In 2015, Snapdeal acquired Freecharge for $400 million (at that time it was billed as the biggest venture capital exit in the Indian startup ecosystem). In 2017, Axis Bank acquired Freecharge for $60 million.
Kunal, however, did not rest on his laurels, but occupied himself gainfully understanding the manoeuvrings from the two sides of the investment table -- both from the investor side as well as the founder side.
A curious mind
A heavy dose of paranoia and curiosity is what has worked for him, he tells me.
I asked him about his days at Sequoia and YCombinator, and travelling across the world, especially China, and then finally settling to become a founder again. “I enjoyed my stint at Sequoia and learned so many things. Just sitting in the board meetings and seeing so many things unfold itself was a huge learning,” he says.
But it wasn’t the time when he wanted to be on the other side. He says,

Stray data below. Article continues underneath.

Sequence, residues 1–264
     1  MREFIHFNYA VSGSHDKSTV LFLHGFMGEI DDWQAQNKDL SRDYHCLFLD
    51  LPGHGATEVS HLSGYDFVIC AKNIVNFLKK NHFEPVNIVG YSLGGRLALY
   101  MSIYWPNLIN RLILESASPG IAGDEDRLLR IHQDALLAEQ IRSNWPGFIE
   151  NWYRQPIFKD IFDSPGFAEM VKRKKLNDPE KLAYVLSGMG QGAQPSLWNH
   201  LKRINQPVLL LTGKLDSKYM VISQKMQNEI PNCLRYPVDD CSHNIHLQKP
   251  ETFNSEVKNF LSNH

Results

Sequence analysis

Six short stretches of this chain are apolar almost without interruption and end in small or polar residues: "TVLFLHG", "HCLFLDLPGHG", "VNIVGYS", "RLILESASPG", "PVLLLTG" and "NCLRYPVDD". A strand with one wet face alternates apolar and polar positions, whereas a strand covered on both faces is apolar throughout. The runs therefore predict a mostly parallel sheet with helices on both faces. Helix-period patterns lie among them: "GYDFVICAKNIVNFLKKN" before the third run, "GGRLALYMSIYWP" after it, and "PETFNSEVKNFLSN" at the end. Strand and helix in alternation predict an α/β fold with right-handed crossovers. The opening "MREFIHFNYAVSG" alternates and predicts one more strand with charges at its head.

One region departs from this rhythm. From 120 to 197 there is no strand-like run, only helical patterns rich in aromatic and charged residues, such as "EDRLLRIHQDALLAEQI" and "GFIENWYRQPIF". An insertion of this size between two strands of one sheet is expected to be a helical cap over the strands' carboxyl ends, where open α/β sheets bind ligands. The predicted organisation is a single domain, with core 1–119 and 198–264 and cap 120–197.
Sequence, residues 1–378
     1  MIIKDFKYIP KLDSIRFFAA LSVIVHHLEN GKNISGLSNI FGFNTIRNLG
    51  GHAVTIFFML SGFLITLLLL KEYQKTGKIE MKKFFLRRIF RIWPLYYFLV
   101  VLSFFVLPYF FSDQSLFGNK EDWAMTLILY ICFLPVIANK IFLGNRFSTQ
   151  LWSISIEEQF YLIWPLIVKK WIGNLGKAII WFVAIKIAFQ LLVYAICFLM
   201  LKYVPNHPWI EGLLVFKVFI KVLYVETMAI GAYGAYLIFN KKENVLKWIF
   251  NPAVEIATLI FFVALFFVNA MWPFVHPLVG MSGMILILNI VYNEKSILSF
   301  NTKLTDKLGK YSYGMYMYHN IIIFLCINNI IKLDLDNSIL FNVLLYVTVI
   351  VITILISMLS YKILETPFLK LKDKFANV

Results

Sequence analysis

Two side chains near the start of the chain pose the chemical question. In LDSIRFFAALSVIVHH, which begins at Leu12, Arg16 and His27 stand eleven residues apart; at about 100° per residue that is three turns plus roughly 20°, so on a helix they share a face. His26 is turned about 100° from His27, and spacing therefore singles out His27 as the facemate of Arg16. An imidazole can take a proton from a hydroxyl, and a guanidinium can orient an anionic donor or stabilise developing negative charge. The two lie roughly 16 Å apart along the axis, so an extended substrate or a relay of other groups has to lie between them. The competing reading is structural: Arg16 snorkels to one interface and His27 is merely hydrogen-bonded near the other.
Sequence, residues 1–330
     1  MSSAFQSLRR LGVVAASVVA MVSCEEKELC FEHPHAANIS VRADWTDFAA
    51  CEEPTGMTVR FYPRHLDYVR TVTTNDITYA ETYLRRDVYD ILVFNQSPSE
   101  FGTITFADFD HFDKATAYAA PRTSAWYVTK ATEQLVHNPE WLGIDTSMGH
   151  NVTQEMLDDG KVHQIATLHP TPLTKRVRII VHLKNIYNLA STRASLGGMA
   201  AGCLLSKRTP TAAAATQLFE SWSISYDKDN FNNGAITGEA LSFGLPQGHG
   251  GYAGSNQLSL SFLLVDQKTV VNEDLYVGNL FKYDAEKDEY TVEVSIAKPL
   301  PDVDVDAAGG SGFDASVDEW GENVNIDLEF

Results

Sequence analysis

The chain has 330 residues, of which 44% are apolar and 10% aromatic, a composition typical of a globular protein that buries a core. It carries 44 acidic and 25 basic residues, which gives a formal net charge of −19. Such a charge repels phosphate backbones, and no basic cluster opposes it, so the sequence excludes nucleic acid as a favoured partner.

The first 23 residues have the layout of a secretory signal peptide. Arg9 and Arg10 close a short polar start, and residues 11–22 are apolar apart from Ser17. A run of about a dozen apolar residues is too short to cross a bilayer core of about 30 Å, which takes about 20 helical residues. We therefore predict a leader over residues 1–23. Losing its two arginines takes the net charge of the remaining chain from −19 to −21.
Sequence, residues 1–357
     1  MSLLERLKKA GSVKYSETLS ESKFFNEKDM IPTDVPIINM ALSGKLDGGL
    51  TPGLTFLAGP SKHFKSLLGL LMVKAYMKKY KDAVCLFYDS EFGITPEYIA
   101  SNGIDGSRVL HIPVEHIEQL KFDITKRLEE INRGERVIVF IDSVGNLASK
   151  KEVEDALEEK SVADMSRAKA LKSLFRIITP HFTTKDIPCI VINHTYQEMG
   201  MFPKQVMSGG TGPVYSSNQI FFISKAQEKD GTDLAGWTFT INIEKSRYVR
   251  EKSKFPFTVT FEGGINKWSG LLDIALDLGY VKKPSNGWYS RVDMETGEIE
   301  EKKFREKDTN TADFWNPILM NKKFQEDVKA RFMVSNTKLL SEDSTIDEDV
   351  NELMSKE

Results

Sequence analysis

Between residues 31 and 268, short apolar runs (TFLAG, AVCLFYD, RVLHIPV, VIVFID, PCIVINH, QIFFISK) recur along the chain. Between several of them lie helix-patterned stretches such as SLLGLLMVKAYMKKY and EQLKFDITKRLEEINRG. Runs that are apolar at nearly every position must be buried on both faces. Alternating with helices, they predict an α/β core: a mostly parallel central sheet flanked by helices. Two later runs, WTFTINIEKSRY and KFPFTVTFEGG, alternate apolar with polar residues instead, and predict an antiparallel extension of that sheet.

“I realised that at a time when there ia an unlimited amount of money coming into the country, you should rather be building and not be investing. For me, the timing of the market was not for being an investor but being a founder.”
However, at a time when businesses are going after India’s next 500 million population, isn’t Cred going in a different direction by looking at targeting the 30/40 million urban population? Perhaps one of the few non-engineer founders, Kunal’s response is a validation of the benefits of a liberal arts education.
“India’s per capita income does not support any kind of internet business model which offer convenience to the consumer. But global companies love to come to India so that they can build their MAU (monthly active users) and DAU (daily active users) farms. They can add to their global numbers and look good in the public market,” he says.
He supports this argument with a Bollywood example. “If you look at the top three Khans, 80 percent of their box office revenues comes from only 2000 to 3000 screens that are multiplexes. So the data about whether the market is ready for internet business models is definitely skewed towards the 20/30 million. Market future and market readiness are very different. Often we confuse the data.”